smell this: Cartier Déclaration

I like men who like Cartier Déclaration.*  I have that urge – that sudden urge I sometimes get upon learning such small details as this – to put my faith in their hands.

*Women, too, theoretically, should I ever meet any.

IMG_6138Déclaration launched in 1998, composed by the subtle Jean-Claude Ellena, whose work I like so often, and so well. This smells somehow old-fashioned and modern at the same time. A masculine blend of bitter, spicy, and smoky, this scent is at once mature and…what to call it? Virile, maybe. A cultivated virility.

My pattern of generally preferring “masculines” (marketing!) is clear.

In the notes we have bitter orange, cardamom (this is the spice I mean, not a warm amber/holiday spice, but a green, slightly exotic, peppery spice) and a blend of birchwood, cedarwood, oakmoss, and smoked wood. [So, yes, it smells of wood.] This is very smoky, to warn you. Rather like your clothes might smell after a bonfire, to distinguish from the sweeter tobacco notes you sometimes get in masculines. Or maybe more like it smells at a bonfire, with the smell of the burning wood mingling with the live woods nearby. Seriously, if you are into bonfires…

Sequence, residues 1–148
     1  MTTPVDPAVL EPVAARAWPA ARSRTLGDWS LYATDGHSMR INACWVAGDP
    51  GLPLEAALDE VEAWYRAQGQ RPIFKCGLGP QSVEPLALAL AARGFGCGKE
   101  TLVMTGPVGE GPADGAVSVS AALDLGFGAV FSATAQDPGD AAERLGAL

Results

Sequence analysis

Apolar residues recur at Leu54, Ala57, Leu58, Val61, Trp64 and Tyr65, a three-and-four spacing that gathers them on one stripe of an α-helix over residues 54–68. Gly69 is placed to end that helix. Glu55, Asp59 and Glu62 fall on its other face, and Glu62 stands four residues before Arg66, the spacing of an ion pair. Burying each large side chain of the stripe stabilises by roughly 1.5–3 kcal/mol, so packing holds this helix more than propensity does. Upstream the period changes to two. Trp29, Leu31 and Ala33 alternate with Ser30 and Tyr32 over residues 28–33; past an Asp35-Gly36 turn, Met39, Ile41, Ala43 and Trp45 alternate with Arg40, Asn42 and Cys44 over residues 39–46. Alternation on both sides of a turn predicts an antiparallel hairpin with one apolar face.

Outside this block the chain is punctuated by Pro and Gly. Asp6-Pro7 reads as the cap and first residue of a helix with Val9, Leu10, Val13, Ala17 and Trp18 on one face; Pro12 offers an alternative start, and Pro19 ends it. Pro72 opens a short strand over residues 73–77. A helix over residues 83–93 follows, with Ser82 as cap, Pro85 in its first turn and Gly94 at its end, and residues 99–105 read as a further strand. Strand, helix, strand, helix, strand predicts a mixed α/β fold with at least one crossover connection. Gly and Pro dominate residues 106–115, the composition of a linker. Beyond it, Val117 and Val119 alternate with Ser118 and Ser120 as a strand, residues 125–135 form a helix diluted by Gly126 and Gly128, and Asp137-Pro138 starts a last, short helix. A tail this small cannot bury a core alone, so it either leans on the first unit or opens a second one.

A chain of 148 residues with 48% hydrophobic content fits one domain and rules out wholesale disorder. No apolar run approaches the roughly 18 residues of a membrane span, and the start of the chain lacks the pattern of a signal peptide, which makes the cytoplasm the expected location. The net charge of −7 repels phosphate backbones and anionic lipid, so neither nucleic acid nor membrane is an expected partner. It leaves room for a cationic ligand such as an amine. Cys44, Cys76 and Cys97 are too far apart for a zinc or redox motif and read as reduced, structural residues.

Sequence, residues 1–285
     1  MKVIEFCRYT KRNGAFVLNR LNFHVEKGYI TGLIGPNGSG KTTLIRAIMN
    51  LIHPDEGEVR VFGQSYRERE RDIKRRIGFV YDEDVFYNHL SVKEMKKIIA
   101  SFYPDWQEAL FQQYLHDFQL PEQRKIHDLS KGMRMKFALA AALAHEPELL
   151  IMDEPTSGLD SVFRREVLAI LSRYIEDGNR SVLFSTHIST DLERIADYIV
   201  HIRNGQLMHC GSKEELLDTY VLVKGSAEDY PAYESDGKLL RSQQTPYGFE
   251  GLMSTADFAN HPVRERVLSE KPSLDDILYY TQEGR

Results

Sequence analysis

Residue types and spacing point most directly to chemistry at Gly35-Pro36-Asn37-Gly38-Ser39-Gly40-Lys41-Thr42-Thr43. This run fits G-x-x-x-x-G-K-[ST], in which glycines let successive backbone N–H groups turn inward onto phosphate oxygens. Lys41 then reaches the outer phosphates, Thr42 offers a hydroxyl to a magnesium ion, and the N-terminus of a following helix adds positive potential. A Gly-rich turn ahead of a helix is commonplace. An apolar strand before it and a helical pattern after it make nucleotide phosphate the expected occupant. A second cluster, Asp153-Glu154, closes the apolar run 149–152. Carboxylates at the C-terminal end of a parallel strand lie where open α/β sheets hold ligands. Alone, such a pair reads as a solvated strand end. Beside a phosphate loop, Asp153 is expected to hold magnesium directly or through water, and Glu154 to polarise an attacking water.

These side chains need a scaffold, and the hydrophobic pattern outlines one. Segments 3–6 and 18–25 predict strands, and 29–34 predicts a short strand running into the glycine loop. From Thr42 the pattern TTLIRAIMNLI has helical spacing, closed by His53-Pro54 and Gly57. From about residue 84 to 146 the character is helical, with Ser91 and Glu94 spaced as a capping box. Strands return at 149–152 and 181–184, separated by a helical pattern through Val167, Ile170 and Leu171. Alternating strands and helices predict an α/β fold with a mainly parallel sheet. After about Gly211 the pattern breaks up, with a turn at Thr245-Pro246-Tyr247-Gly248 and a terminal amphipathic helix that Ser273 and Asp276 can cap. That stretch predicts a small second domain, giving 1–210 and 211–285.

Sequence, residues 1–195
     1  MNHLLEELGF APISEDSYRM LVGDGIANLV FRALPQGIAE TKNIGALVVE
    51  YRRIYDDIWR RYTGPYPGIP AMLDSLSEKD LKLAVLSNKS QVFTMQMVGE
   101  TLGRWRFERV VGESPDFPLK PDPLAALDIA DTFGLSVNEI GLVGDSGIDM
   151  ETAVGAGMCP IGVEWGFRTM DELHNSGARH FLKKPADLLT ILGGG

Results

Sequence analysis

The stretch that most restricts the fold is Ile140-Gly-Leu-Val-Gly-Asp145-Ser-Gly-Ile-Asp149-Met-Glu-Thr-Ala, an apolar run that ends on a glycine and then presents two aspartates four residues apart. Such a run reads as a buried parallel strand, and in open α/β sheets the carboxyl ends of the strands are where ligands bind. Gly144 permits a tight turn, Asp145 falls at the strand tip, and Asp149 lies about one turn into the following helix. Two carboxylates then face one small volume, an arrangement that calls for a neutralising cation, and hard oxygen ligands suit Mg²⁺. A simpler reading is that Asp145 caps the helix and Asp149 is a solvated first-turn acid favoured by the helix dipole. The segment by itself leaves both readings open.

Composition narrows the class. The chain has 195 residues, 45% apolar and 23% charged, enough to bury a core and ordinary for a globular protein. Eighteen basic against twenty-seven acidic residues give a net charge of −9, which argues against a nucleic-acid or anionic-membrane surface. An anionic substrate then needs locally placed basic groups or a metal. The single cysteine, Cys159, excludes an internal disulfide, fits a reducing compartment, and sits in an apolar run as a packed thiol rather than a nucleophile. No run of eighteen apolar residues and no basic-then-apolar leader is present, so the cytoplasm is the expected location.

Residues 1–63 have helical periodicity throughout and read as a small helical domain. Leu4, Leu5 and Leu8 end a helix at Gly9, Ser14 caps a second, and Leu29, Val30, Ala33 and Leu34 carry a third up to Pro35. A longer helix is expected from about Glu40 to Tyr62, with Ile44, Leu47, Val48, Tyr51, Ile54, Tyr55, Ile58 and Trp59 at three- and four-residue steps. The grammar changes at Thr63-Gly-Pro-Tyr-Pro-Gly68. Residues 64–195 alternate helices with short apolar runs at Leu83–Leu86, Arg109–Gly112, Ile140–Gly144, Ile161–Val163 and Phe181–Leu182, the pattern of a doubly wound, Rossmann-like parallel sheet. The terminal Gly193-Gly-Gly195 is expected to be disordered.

IMG_6139Cool cap mechanism, too.

There is also, controversially, a slight cumin or body odor-like smell, which tends to be polarizing. People love it or hate it, depending on their skin and temperament. I love it, at least as it is interpreted here, and as it behaves on my skin. For me the cumin is balanced by the bittersweet citrus elements and bound up with (and integral to) the strength of the smoke. It is nice to acknowledge and celebrate the human element rather than try to mask it into oblivion, ultimately a losing battle for a human body,  though the barrage of “clean” and “fresh” fragrances would have you try. I don’t want to smell unclean but I don’t want to smell inhuman, either. I want to smell alive. Not like a kitchen.